And finally, the fans. Last night I saw people get kicked out of the Sir Bobby Robson Stand for fighting with each other. Some fans greeted the cattle driven Norwich fans with taunts, which was expected, but then on the way back to the coaches and stations, they stopped people with young children getting home. Arrests were made and people behaved like idiots. Yeah, I'm disappointed and angry, but I'm not going to go and try to fight someone. I saw people kick seats, which almost broke. My language last night was appalling, but in the atmosphere that greeted me in the North Stand, it was difficult to keep a cap on your emotions. Not everyone behaved like animals though. At the final whistle, I stood with the group of people I was stood with all match and looked around the lower tier. Everyone had the same face I had. Disappointment was in the eyes and no smile was present. We were heartbroken, not because of the play-offs, that was a pipe dream anyway, but because of how easily we'd just laid down and handed our rivals victory, and probably promotion on a plate.

So, like I said, I'm off to Swansea on Monday. Today, however, like many other Town fans I'm sure, I'm wallowing in disappointment, avoiding all media sources that have football on it. So, mum, turning on Sky Sports News so I have to endure a drunken Delia Smith singing is really, really not appreciated.

Tuesday, April 19, 2011

Ipswich Town's season not mathematically over...

But, if we're all perfectly honest and realistic, it probably is.

On Thursday, we have part two of the East Anglian derby of the 2010/11 season. Norwich fans are getting excited about the thought of automatic promotion, Ipswich fans are getting excited about spoiling their party. But something has happened in the months since Paul Jewell has arrived at Portman Road. Suddenly, we are a team that seems happy, a team that seems to enjoy playing together and a team that, whilst it's disappointing to lose, know that if they have one bad game, they're not going to be cast away in the abyss, to be forgotten about or sent on loan to Crystal Palace.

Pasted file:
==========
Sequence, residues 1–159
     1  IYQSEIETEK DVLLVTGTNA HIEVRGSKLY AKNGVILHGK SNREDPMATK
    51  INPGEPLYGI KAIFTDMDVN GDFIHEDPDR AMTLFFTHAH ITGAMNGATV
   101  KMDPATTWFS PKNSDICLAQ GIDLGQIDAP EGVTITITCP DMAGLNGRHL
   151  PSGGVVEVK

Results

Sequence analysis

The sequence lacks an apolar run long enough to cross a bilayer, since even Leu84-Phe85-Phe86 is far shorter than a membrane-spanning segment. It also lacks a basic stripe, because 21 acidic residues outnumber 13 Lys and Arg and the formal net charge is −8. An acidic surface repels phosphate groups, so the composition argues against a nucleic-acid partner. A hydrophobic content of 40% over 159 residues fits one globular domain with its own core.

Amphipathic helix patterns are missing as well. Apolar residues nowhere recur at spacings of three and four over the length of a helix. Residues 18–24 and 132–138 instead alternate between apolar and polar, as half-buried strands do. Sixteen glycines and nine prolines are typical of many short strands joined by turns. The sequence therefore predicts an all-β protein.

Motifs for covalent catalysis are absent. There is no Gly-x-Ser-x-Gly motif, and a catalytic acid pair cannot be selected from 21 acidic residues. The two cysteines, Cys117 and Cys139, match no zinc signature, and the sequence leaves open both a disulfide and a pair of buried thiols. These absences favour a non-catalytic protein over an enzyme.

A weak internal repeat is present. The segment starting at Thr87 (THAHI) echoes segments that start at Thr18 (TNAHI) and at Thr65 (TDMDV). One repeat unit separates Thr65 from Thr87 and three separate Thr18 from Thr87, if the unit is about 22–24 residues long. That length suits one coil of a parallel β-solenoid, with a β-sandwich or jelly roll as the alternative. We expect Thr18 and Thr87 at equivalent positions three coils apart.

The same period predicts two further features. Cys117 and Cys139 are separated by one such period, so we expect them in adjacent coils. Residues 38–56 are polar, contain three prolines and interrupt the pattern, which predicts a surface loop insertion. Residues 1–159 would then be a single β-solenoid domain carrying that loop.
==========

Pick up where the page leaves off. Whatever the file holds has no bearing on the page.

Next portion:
Compare that to the team that, embarrassingly and spinelessly, got hammered 4-1 at Carrow Road. That team was disorganised and in a downward spiral, something I depressingly witnessed at Preston back in December. I witnessed Keane's last win, but that was down to the weather and Sky Sports being there. The next time I watched Ipswich Town, we had won 1-0 against Arsenal and again looked a completely different team. It was like a monkey had collectively been taken off the players' backs and suddenly, happier days could well be back at Portman Road.

Since January, the form's been up and down. We can go on a three game winning streak, then end up losing/drawing the elusive fourth win. For us to even have a sniff of the play-offs and to take advantage of those (which is a lot of teams) around us slipping up, I would say we have to win all our games. We have four games left. We won on Saturday against Bristol City in a scrappy, luck-riddled, but ultimately gritty performance. We have to face our dear rivals from Norfolk and Swansea, both sides that have been up in the top six for the majority of the season, Preston, a team fighting for their lives and Leicester, another one of those sides that could, but probably won't, be up there come May 7th.

However, after we lost to Reading, Watford and Portsmouth (it was grey, miserable and dire), I thought our season was over. After the horrendous run in November and December, being near the bottom of the table and getting worried about relegation, the fact we even have an outside chance of the play-offs is some achievement.